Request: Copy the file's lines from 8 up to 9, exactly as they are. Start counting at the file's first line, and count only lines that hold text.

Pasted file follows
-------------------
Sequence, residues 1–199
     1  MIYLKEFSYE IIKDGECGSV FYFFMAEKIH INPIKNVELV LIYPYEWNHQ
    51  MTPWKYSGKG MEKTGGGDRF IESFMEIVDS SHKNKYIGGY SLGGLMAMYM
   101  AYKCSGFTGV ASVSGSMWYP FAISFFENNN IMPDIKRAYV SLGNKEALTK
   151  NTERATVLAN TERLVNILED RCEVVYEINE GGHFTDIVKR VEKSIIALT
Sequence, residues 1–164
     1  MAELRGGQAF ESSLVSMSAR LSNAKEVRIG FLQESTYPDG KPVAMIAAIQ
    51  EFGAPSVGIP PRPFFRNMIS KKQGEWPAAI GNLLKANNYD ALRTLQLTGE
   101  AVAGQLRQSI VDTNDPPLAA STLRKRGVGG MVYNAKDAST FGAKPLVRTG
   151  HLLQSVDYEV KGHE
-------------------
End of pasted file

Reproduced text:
    51  EFGAPSVGIP PRPFFRNMIS KKQGEWPAAI GNLLKANNYD ALRTLQLTGE
   101  AVAGQLRQSI VDTNDPPLAA STLRKRGVGG MVYNAKDAST FGAKPLVRTG